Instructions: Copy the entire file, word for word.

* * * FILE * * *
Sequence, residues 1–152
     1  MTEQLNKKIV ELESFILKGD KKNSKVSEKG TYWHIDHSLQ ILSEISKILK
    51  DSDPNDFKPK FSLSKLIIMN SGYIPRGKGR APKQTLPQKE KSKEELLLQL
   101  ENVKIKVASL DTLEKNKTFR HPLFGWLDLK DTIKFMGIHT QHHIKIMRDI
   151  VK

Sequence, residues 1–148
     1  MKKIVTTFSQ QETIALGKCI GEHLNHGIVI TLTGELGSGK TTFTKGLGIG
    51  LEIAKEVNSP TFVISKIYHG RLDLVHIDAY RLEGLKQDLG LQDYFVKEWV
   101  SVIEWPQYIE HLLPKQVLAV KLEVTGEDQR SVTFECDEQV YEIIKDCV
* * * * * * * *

Sequence, residues 1–152
     1  MTEQLNKKIV ELESFILKGD KKNSKVSEKG TYWHIDHSLQ ILSEISKILK
    51  DSDPNDFKPK FSLSKLIIMN SGYIPRGKGR APKQTLPQKE KSKEELLLQL
   101  ENVKIKVASL DTLEKNKTFR HPLFGWLDLK DTIKFMGIHT QHHIKIMRDI
   151  VK

Sequence, residues 1–148
     1  MKKIVTTFSQ QETIALGKCI GEHLNHGIVI TLTGELGSGK TTFTKGLGIG
    51  LEIAKEVNSP TFVISKIYHG RLDLVHIDAY RLEGLKQDLG LQDYFVKEWV
   101  SVIEWPQYIE HLLPKQVLAV KLEVTGEDQR SVTFECDEQV YEIIKDCV